Here’s what some of the business leaders who are inaugural signers on Colorado Business for a Fair Minimum Wage’s statement said about raising the minimum wage:

Richard Skorman, Owner of Poor Richard’s Restaurant, Rico’s Café & Wine Bar, Poor Richard’s Books & Gifts and Little Richard’s Toy Store in Colorado Springs:
“We raised our entry pay, and the doom and gloom scenario bandied about by those opposed to raising the minimum wage never happened. In fact, the opposite occurred – profits rose and labor costs actually decreased because employees stay with us much longer now. The longer they stay, the better they are at their jobs, and the money we save on training new employees is huge. Most important, our staff is happier. And happy employees mean more regular customers, which is the key to our success and that of most small businesses.”

Judy Amabile, Owner of Polar Bottle and member of the Board of Directors, Boulder Chamber of Commerce, which has endorsed Amendment 70:
“Raising our entry pay from $8 to $12 an hour has been great for our bottom line. Our employees are more productive. They can afford things important for them and our business like repairing their cars and securing more reliable child care. Turnover decreased dramatically. They value their jobs more. In fact, our per unit labor costs actually went down. As our experience in a highly competitive industry shows: Raising the minimum wage is good for business.”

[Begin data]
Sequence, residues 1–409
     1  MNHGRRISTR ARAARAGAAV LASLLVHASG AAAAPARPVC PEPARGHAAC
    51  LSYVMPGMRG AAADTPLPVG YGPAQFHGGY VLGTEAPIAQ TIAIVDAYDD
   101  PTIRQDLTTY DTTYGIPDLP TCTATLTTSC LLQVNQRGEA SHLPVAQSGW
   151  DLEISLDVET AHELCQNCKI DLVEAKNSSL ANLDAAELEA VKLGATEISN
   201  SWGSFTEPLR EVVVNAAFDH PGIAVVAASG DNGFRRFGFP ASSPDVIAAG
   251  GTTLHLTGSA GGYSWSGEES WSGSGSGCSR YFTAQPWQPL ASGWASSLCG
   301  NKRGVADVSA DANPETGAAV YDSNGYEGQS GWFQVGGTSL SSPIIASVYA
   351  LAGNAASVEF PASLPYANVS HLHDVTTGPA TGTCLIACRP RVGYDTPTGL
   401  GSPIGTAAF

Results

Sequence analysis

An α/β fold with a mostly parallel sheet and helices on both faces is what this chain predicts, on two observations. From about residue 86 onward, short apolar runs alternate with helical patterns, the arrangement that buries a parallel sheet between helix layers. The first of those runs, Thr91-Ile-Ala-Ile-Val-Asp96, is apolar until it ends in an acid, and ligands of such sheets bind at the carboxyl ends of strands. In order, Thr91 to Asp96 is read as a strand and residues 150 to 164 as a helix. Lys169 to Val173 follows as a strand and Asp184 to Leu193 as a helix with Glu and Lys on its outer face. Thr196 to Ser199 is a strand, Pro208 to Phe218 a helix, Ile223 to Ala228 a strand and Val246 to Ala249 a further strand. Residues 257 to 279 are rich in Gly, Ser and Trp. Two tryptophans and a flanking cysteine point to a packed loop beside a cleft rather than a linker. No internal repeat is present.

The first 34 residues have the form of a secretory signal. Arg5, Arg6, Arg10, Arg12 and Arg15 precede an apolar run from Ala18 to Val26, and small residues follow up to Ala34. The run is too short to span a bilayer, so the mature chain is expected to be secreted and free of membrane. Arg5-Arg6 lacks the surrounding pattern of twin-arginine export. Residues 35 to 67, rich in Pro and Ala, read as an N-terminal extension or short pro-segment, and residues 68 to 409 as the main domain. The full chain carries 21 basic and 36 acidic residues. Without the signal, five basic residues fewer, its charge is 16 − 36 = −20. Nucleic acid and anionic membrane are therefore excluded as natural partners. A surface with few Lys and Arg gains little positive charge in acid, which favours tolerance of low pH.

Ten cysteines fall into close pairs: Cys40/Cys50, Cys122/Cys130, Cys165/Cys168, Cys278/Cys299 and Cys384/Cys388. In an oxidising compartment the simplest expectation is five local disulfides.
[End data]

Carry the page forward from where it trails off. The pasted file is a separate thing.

Pete Turner, Founder of Illegal Pete’s restaurant chain in Denver, Boulder and Fort Collins:
“When we increased entry wages at our restaurants last year from $9 to $10.50 an hour, we did not raise prices. Our employee turnover dropped to 29 percent – which is very low for our industry –  and we saved money in hiring and training costs. Our employees are a big reason we’re one of the nation’s fastest growing companies. Raising Colorado’s minimum wage will put more money in workers’ pockets, which they’ll spend at restaurants and other businesses around our state.”

Mike Hartkop, Owner of Solar Roast Coffee, Pueblo Small Business of the Year 2016: